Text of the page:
TELECOM Digest OnLine - Sorted: Re: Connecticut Man Sells Micrsoft Windows Source Code

Re: Connecticut Man Sells Micrsoft Windows Source Code

Joe Morris (
Thu, 1 Sep 2005 12:50:44 UTC writes:

> I believe IBM always made the source code available for its mainframe
> operating systems. Competitors could and would use it for supplemental
> utility programs. They would write links and exits to/from the
> operating system for maximum program efficiency.

Until June 1969 (a date known in the IBM mainframe community as "New
World") IBM (with a very few exceptions) didn't even copyright its
software, and did not charge for it. The price was bundled into the
charges for IBM hardware. That's why you can find the source for
pre-New World MVS and VM on the Internet, and run them in the Hercules
S/370 emulator on a PC.

After New World, the combined pressure of the IBM mainframe clone
manufacturers and the Justice Department antitrust lawsuit gave IBM
the opening to unbundle software and begin charging what were then
extremely high prices. (On the day of the New World announcement IBM
released four "program products". A headline in a subsequent issue of
_Computerworld_ read "SURPRISE! Software costs as much as a
printer!". The reference was to one of the four program products,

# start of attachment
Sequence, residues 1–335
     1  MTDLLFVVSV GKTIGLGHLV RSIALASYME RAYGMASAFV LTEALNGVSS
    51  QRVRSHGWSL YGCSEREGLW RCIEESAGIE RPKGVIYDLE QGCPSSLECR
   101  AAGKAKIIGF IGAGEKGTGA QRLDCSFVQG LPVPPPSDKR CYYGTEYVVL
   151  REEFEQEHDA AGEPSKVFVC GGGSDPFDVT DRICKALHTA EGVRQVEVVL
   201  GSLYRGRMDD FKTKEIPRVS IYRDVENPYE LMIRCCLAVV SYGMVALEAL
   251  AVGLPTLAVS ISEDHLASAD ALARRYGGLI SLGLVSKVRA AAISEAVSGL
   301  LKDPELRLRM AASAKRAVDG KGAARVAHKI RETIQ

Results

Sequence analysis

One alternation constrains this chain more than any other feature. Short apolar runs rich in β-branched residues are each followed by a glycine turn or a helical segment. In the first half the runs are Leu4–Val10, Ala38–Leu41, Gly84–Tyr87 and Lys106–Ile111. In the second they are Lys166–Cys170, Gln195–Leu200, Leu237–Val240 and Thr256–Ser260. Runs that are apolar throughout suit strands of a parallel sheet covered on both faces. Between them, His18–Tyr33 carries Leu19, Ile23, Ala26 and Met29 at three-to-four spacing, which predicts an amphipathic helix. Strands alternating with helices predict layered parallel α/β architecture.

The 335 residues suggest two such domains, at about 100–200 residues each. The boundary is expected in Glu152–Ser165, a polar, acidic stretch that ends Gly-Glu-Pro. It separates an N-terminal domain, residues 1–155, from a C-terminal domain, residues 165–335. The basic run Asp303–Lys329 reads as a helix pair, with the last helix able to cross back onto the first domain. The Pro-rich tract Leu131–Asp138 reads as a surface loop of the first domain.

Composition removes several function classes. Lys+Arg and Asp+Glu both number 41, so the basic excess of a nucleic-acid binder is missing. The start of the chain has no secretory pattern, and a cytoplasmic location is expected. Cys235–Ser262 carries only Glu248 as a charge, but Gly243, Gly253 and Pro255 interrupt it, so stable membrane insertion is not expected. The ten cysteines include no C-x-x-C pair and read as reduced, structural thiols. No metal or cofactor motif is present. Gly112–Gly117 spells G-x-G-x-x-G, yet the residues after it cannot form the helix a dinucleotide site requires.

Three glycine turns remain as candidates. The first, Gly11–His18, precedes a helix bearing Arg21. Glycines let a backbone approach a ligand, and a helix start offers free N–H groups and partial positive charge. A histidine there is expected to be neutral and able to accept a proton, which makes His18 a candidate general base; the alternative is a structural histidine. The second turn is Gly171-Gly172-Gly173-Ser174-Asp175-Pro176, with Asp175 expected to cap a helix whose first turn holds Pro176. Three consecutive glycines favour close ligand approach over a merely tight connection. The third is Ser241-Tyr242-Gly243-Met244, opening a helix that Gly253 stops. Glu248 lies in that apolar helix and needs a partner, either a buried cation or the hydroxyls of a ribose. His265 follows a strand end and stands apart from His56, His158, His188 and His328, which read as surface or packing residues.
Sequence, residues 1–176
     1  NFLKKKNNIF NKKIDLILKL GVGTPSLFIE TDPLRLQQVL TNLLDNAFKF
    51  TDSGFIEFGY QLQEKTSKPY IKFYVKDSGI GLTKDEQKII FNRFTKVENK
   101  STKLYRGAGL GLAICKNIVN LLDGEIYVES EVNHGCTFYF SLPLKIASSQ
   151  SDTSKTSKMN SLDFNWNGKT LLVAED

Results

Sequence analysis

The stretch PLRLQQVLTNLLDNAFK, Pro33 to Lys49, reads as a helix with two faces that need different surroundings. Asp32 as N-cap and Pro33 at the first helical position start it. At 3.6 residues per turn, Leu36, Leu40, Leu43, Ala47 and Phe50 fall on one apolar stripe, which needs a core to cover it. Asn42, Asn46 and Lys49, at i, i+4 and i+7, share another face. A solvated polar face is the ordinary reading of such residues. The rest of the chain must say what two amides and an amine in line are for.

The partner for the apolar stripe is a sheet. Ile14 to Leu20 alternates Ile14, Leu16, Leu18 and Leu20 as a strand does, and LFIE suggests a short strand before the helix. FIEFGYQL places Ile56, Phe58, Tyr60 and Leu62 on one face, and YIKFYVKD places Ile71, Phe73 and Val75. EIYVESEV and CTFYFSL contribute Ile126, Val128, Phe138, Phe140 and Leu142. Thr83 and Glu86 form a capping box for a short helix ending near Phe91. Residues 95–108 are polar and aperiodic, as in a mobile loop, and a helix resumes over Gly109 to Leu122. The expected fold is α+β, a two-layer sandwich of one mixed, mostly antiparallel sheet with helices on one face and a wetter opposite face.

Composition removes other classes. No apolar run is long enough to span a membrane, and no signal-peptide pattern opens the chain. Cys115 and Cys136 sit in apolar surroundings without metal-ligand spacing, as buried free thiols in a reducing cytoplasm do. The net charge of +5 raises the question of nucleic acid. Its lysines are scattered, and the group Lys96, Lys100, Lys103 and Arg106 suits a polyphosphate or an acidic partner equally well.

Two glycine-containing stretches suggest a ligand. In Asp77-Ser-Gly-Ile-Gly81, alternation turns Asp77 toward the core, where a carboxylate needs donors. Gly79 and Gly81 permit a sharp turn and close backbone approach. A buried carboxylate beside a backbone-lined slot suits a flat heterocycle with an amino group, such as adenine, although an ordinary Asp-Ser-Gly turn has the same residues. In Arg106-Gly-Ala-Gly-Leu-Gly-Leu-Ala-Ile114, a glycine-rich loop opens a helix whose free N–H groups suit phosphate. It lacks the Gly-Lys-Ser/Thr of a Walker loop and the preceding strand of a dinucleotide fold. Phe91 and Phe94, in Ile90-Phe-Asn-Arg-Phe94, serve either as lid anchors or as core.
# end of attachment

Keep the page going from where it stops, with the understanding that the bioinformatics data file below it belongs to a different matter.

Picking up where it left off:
Generalized Information System (GIS), which had a monthly charge
(running forever) of ~US$1200 (in 1969 dollars!), which was about the
same as the monthly rental fee for a 1403-N1 1100 lpm printer.

Don't take the above price as exact; it's been 36 years ... <grin>

However ... even after New World many of the program products still
offered an option for the customer to obtain the (copyrighted) source
code. A few years later, however, the PHB contingent at IBM decided
that it was a Bad Thing to allow mere customers to see the source
code, with the result that IBM implemented the Object Code Only (OCO)

IBM insisted that there was no need for customers to see the source or
*gasp* modify it to meet their organization's requirements because IBM
was providing defined interfaces that gave customers all they needed.
(Does this sound like the attitude of a certain software vendor in

One other consequence of the OCO policy was that the customers could
no longer debug the problems that were encountered when using the IBM
products. One industry observer (Melinda Varian, I think, but I'm not
sure and I've not talked to Melinda in many years) commented that with
the OCO policy IBM had fired its most productive systems support
staff: the unpaid (by IBM) customers.

Joe Morris

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